March 5, 2014

"The Tribute Artist" is Stuck in the Past

Drag queens have long played a central role in gay life. In the old almost-everybody-in-the-closet days, they provided a way for gay men (those who dressed up as women and those who simply applauded them) to revel in their specialness and defy those who tried to squash it.  And, of course, the queens were on the front lines (and reportedly among the fiercest fighters) at the Stonewall riots that sparked the gay liberation movement.

But the mood is less flamboyant nowadays as more and more same-sex couples in this country can marry, raise families and be as humdrum as everybody else. So I was curious about The Tribute Artist, the new comedy by Charles Busch that centers around the titular drag queen who is fired from a longtime Las Vegas gig because audiences are less and less interested in seeing a man impersonate old movie divas.  
But life seemed to imitate art the night my theatergoing buddy Bill and I saw The Tribute Artist, which Primary Stages is presenting at the 59E59 Theaters through March 16. For there were only occasional titters here and there in the audience as Busch and his fellow actors hammed it up in a plot similar to Loot, Joe Orton’s sardonic farce about corpses and cash that was itself limply revived earlier this year (click here to read my review of that one).

In Busch’s even more convoluted version, Jimmy, the recently fired drag queen, or as he prefers to be called tribute artist, assumes the identity—and flowy gowns—of his elderly landlady when she dies in her sleep. He and his best friend, a lesbian real estate broker, figure they can quickly sell the childless woman’s Greenwich Village townhouse (luxuriously designed by Anna Louizos,) split the money and live happily ever after on Easy Street. 

Their plan begins to unravel when the dead woman’s estranged niece shows up with her transgender son (née Rachel, now Oliver) to claim the house. They’re followed by a shady ex-lover of the landlady’s who also wants a piece of the action. Hilarity is supposed to ensue. But it doesn’t. 

Too many of the jokes depend on the exact kind of campy knowledge about old movies that fewer and fewer people have (even this year’s Oscar montages cut back on clips from movies made in the ‘30s and ‘40s) and too many of the other lines simply aren’t as funny as they must have seemed to Busch when he dashed them off.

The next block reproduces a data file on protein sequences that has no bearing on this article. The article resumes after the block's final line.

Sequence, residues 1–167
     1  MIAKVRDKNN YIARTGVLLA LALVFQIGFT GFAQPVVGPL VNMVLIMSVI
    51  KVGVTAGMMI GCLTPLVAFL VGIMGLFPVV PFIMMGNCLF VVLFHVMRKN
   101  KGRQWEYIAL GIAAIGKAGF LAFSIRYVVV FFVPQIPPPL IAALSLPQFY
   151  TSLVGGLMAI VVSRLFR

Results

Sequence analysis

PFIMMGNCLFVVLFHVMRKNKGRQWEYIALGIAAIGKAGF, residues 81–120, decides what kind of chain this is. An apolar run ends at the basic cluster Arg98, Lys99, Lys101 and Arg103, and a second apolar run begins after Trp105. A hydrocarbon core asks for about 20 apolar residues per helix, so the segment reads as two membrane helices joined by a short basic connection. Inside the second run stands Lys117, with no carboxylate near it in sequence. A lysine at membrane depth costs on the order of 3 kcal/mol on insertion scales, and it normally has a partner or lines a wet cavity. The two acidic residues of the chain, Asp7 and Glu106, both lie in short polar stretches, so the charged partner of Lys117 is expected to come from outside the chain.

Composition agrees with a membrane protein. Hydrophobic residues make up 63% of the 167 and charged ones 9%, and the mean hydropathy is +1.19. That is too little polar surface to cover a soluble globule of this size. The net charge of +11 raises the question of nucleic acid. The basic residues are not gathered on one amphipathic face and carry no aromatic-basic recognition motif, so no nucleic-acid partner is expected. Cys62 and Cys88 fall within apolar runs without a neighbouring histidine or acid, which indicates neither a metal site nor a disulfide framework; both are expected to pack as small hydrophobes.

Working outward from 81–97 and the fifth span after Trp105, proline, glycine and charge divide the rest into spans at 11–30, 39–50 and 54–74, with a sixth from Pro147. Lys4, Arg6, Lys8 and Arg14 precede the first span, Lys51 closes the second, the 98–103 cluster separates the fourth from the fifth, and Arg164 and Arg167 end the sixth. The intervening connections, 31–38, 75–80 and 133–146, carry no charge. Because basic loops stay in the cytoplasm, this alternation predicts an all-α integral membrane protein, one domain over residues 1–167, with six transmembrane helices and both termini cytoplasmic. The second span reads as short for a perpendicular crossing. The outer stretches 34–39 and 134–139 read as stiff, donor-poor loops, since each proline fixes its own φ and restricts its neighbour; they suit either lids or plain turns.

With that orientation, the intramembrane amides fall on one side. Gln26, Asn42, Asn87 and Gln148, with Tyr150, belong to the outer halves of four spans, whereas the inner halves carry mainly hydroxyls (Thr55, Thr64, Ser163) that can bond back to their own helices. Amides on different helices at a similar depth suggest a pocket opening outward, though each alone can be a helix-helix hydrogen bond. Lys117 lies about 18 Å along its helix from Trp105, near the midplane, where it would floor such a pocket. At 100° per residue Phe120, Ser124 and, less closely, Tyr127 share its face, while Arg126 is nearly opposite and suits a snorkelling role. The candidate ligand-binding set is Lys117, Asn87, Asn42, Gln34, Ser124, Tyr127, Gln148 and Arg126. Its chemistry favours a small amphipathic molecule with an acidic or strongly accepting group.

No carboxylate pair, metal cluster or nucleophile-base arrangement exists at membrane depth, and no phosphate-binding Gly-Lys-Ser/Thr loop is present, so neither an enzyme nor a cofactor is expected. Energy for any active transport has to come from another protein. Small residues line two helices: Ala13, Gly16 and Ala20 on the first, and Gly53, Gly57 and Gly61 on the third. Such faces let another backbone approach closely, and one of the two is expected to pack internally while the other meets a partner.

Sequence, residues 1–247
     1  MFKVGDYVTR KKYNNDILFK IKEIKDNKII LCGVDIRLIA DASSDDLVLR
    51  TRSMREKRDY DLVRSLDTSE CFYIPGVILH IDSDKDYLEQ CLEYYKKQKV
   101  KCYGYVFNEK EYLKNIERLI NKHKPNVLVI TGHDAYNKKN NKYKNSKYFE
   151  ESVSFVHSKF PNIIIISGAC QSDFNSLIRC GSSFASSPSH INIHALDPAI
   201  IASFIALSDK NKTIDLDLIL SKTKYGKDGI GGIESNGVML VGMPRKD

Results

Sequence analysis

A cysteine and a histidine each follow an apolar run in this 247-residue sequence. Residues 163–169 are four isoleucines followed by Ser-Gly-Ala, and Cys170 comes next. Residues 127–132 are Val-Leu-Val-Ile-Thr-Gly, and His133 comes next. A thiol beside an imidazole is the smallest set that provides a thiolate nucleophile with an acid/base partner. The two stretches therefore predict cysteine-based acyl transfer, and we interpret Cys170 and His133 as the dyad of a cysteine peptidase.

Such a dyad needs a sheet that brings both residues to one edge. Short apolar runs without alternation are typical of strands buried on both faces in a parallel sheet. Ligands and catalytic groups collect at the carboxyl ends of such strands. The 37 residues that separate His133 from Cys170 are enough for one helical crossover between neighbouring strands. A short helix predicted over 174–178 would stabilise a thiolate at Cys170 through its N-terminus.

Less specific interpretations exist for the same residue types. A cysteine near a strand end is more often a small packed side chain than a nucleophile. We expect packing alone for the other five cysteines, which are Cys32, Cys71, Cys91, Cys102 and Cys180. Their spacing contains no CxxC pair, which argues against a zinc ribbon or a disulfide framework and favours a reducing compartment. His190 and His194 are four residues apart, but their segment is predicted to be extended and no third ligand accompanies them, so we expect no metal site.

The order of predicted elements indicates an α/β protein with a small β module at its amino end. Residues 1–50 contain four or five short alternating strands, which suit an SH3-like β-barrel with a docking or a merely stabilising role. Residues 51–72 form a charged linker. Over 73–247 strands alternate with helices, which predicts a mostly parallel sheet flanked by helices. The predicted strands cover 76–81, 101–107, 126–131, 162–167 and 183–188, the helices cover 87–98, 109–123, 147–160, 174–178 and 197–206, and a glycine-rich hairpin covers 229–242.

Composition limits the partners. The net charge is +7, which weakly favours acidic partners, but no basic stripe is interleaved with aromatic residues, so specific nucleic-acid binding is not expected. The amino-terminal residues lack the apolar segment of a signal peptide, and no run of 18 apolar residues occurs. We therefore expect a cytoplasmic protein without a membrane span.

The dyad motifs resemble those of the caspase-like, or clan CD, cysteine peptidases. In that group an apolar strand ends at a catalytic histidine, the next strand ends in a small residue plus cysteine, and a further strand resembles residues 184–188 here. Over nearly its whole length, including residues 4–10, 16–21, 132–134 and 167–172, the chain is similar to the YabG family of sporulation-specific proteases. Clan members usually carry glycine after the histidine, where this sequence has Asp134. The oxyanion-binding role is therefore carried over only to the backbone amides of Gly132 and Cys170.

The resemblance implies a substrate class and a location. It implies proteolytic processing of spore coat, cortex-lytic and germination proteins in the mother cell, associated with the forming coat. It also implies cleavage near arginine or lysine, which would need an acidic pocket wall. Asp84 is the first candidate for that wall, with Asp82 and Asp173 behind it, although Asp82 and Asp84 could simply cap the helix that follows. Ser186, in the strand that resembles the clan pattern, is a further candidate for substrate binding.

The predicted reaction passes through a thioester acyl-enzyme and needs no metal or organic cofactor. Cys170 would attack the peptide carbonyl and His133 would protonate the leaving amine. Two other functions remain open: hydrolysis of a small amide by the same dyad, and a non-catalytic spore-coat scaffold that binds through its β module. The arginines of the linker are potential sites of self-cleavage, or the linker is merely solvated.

The script makes no sense and Busch fills it with clunky exposition as he tries to explain what’s happening. What saddens me more is that he shies away from the issue of whether there is any room for drag queens in today’s gay society. Maybe it’s just too scary a question for a man who has spent so many years putting on dresses to face head-on.

He gets little help from his frequent director Carl Andress, except, perhaps, for the choice of some bouncy interlude music. The cast is filled with Busch regulars too, including his good pal Julie Halston (click here to read a piece about their longtime collaboration). But nearly everyone has played so many previous incarnations of his or her current character that they all seem to be operating on autopilot.

Busch is a charming guy and a beloved figure in certain corners of the theater world and so the professional critics have strained to be kind in their reviews (click here to read some of them). The couple sitting next to me clearly wanted to like the show too. They leaned forward eagerly as it began but before the first act finished, one of them had fallen asleep so soundly that he didn’t even wake up during the intermission. 

The man’s partner later roused him and they did seem to get a kick out of the second-act references to Norma Shearer, Rosalind Russell and Mary Astor. If you’re wondering who those women are, you can click here for a handy guide the New York Times has helpfully put together.  Or you could just decide that this show isn’t for you.

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